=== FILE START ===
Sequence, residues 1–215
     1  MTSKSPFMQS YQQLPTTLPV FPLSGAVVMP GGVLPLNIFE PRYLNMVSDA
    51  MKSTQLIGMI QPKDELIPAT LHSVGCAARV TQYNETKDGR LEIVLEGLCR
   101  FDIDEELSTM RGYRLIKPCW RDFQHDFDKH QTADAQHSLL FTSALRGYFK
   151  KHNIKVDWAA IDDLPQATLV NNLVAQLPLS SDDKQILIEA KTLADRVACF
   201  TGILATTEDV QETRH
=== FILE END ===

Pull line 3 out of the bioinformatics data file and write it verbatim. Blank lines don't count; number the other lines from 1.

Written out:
    51  MKSTQLIGMI QPKDELIPAT LHSVGCAARV TQYNETKDGR LEIVLEGLCR